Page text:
March 3, 2018
Billy Graham, C. S. Lewis & Pope John Paul II
Little if anything more needs to be said today about Billy Graham, laid to rest today at his home in North Carolina, other than to repeat what he wanted the world to hear: Jesus Christ is the way, the truth, and the life. No one comes to the Father except through Him. In Him is the forgiveness of sins and eternal life.
To the extent this was Graham's message, indeed, to that extent he stands in glorious apostolic company, including many in the last century, who have, like Andrew the Apostle, told others to "Come and see." Graham was a fisher of men, and he caught many in the Lord's net. He had been captivated by Christ, the lover of mankind. His preaching transcended denominational labels.
Family members have told me about one of his crusades in Detroit sometime the 1950s, where my father "went forward—and where they also saw in the audience Catholic school children with their teachers, Catholic nuns, who had brought them to hear the good words of this Southern Baptist preacher.
A few weeks ago I read a post by Robert George, quoting the singer and songwriter Bob Dylan:
When I was growing up, Billy Graham was very popular. He was the greatest preacher and evangelist of my time—that guy could save souls and did. I went to two or three of his rallies in the '50s or '60s. This guy was like rock 'n' roll personified—volatile, explosive. He had the hair, the tone, the elocution—when he spoke, he brought the storm down. Clouds parted. Souls got saved, sometimes 30- or 40,000 of them. If you ever went to a Billy Graham rally back then, you were changed forever. There's never been a preacher like him.
While on a mission in England, Graham met with the Anglican C. S. Lewis. Lewis, who later said:
I had the pleasure of meeting Billy Graham once. We had dinner together during his visit to Cambridge University in 1955, while he was conducting a mission to students. I thought he was a very modest and a very sensible man, and I liked him very much indeed.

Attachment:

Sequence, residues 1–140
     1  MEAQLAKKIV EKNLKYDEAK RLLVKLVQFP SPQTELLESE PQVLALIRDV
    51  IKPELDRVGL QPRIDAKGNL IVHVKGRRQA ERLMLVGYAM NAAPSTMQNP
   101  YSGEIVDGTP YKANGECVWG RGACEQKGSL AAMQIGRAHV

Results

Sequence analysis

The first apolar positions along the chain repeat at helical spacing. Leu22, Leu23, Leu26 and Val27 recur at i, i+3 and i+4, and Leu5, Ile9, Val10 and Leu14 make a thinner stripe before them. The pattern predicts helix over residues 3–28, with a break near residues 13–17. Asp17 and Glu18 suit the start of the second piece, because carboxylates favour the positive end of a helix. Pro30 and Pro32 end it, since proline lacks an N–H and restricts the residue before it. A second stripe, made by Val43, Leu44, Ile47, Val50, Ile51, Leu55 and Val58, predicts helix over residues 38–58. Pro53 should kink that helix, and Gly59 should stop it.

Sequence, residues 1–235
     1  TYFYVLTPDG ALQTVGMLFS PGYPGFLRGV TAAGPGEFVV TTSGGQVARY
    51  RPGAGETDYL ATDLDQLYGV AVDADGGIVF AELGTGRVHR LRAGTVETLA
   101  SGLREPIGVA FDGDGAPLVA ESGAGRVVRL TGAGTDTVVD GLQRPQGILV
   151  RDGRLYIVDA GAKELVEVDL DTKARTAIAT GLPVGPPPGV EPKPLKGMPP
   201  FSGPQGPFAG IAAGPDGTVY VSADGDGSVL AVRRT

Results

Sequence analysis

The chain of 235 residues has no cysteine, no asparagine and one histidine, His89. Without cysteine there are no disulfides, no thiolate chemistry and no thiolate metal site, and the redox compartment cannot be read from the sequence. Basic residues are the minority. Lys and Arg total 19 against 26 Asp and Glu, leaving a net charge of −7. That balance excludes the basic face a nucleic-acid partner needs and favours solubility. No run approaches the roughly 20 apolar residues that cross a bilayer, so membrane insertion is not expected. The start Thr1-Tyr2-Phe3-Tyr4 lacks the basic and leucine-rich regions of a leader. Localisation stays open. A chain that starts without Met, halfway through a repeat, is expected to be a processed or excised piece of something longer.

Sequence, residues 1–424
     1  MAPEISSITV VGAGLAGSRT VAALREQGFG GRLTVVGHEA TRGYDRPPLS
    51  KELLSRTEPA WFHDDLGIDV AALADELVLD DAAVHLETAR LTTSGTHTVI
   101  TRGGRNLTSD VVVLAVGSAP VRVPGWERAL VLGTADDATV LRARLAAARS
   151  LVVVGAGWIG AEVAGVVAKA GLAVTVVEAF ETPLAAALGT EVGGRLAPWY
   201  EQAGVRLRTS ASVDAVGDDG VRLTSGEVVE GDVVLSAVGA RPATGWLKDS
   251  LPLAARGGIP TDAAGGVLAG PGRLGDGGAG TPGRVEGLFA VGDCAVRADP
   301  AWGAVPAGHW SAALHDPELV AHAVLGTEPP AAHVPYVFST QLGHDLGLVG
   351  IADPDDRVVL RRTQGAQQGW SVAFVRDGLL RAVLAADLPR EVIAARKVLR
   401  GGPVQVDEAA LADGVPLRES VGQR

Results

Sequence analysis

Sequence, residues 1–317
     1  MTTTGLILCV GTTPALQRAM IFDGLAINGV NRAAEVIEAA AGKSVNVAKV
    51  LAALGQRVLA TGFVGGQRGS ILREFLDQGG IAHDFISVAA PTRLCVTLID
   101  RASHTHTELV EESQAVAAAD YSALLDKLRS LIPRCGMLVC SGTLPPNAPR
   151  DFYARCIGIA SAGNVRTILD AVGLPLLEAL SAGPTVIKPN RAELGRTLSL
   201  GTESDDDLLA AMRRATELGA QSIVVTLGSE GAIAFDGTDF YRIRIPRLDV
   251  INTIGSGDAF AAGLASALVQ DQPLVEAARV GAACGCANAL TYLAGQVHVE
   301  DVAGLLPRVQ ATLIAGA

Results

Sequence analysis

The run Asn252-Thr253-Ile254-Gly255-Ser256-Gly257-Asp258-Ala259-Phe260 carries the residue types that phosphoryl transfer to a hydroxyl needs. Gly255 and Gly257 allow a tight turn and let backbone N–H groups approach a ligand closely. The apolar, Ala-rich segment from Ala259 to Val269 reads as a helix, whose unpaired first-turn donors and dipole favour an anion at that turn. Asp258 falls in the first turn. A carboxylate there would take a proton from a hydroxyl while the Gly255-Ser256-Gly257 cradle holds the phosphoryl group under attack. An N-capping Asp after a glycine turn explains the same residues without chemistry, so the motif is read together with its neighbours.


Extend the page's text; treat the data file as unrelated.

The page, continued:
Graham later admitted,
I was afraid I would be intimidated by Lewis, but I was relieved to find that he immediately put me at ease. I found him to be not only intelligent and witty but also gentle and gracious. He seemed genuinely interested in our meetings.
I am sure some of us wish we could have been there! Lewis himself had his own evangelical reach, in a different style and medium—Narnia, Mere Christianity—which brought many into the nets, such as Chuck Colson.
Then there was Graham and John Paul II. When the Pope died in April 2005: Dr. Graham told Larry King he had the privilege of seeing the Pope on several occasions at the Vatican.
And tonight, I have a very strange feeling of loss. I almost feel as though one of my family members has gone. I loved him very much and had the opportunity of discussing so many things with him. And we wrote each other several times during the years," Dr. Graham said.
Larry King asked Dr. Graham: "Did he actually say to you once, 'We are brothers'"?
Graham: That's correct. He certainly did. He held my hand the first time that I met him about 1981—he'd just been Pope for two years when I saw him first. Because when he was elevated to the papacy, I was preaching in his cathedral in Krakow that very day. And we had thousands of people in the streets. And watching the television today of Krakow has brought back many memories.
King: You said that he was an Evangelist.
Graham: He was, indeed. He traveled throughout the world to bring his Christian message to the world.
King: There is no question in your mind that he is with God now?
Graham: Oh, no. There may be a question about my own, but I don't think Cardinal Wojtyla, or the Pope—I think he's with the Lord, because he believed. He believed in the Cross. That was his focus throughout his ministry, the Cross, no matter if you were talking to him [about a] personal issue or an ethical problem, he felt that there was the answer to all of our problems: the Cross and the Resurrection. And he was a strong believer.
Inspired by the evangelical witness of Graham, I close with words from a Catholic priest, Don Giovanni Calabria, whom I think Graham would have appreciated. This was written in 1949, just two years after Graham's first crusade, to C. S. Lewis, his "dearest brother".
Then, let us work—with generous heart and with an intrepid faith for the spread of God's Kingdom—to clasp our brothers together in the unity of faith and love, striving as strenuously as possible to bring it about that Christ's love may conquer, reign, and rule in the whole world. Without Him, we can do nothing: but "we can do all things in Him who strengthens" us.
Billy Graham the Evangelist, Memory Eternal!
Yours for Christ, Creed & Culture,
James M. Kushiner
Executive Director, The Fellowship of St. James
James M. Kushiner is Executive Editor of Touchstone: A Journal of Mere Christianity, and Executive Director of The Fellowship of St. James.